Eric Morse is a retired Canadian diplomat, and an active member of the Royal Canadian Military Institute. He was involved in the 1980 Moscow boycott campaign with the Canadian State Department.
In 1980, it cornered a US president to spark an Olympic boycott. This time the missing female tennis star could be enough To trigger another. But Moscow 1980 and Beijing 2022 are very different animals, and the idea now of a “diplomatic boycott” – letting athletes go but barring any government presence – is clearly wacky on the one hand, and, on the other, very dangerous. . , That is, dangerous for athletes.
Compared to the 1980 boycott, the issue has come to the fore of late – the Games begin on February 4 – and was triggered by the suspicious disappearance for a few weeks of Peng Shuai, a Chinese female tennis star who made sexual allegations. Were. Attack on the Former Deputy Prime Minister of China Oddly enough, tennis isn’t even a Winter Olympic sport.
There’s more to it, of course. There have been repeated calls for a boycott of the Olympics over the past few years over the degrading Chinese treatment of the Uighur minority in Xinjiang. But before 1980 there were similar scattered calls for the boycott of Moscow. A catalyst is needed. In 1980, it was the Soviet invasion of Afghanistan.
This time, the catalyst may be Ms. Peng. The Women’s Tennis Federation has shown an unexpectedly short fuse and a lot of courage by threatening to pull out of China over the incident. It has certainly raised attention to the level of the White House. (Ms. Peng has reappeared on mixed Chinese media in Beijing and had a video call with a senior IOC official, under all circumstances that are particularly suspicious and that women’s tennis, for one, is not buying it. .)
Until last week, US President Joe Biden had not backed down on any idea of boycotting Beijing. That changed during the North American leaders’ summit in Washington, when Mr Biden said the US was considering a boycott, but one that would still let athletes compete. It is still unclear what Prime Minister Justin Trudeau thinks about this.
The boycott of Moscow 1980 took longer to gather steam. The Soviet Union went into Afghanistan on Christmas Eve 1979. It called for an immediate boycott from NATO’s defense chiefs, but did not gain real traction for a couple of weeks. But US President Jimmy Carter was already in a domestic bind over the Iranian crisis, and by January 14, he and Canadian Prime Minister Joe Clark had called for a boycott (formally announced by Mr. Carter on March 20). ) and began cutting commercial ties with it. USSR.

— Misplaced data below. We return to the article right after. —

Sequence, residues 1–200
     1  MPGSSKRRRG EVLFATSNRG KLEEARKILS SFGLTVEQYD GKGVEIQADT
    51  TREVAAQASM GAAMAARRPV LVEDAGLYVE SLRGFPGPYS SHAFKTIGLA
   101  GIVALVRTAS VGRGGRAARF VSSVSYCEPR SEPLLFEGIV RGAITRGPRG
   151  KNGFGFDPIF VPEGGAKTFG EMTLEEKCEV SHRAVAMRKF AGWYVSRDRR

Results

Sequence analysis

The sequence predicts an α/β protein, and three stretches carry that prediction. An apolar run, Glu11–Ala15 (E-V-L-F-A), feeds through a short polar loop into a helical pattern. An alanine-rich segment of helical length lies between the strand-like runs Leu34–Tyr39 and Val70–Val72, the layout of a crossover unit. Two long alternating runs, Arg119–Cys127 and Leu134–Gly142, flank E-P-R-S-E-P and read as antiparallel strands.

Of course, this did not stop the Russians in Afghanistan. Exclusion is a symbolic sign and one should not think otherwise. But 80 per cent of diplomacy is symbolic (the rest largely heavy weapons and cold hard cash). The problem is that if you are going to engage in this kind of symbiosis you must better consider the side effects and be prepared to deal with them.
What is the difference between 1980 and now? The word “hostage” was not even in the environment of international relations. Mr Carter was indeed facing a hostage crisis in Tehran at the time, but this was unrelated except that it increased domestic pressure to show strength elsewhere.
When Mr Carter cut Aeroflot flights to Moscow, we took in a few casual ones, but some plain and fancy string-pulling by mid-level executives in Ottawa drove cultural and sporting groups through Montreal . No Westerners in the Soviet Union were ever upset. The Soviets were ranked enough to boycott in 1984, but hostage-taking was certainly off limits.
Forty years later, taking a mortgage is pretty much a factor. China is acting more aggressively whenever it feels there is a threat to its face and has shown that it will do nothing to retaliate against real or imagined conflicts. China has detained two Michaels, Michael Kovrig and Michael Spavor, following the Canadian detention of Huawei executive Meng Wanzhou.
IOC member in Canada, Dick Pound, who has also gone through the events of 1980, has said that the current situation could very easily spiral out of control. Whatever it is, he understands.
Half a stimulus is still a stimulus. Think of our youth in the place of two Michaels and ask if the risk for them is worth it. When observers are increasingly beginning to wonder whether travel to China is safe, we should not risk throwing Canadian athletes into the mouth of a wolf warrior. There really should be a boycott, but if Canada is to go down that path, it should be all or nothing.
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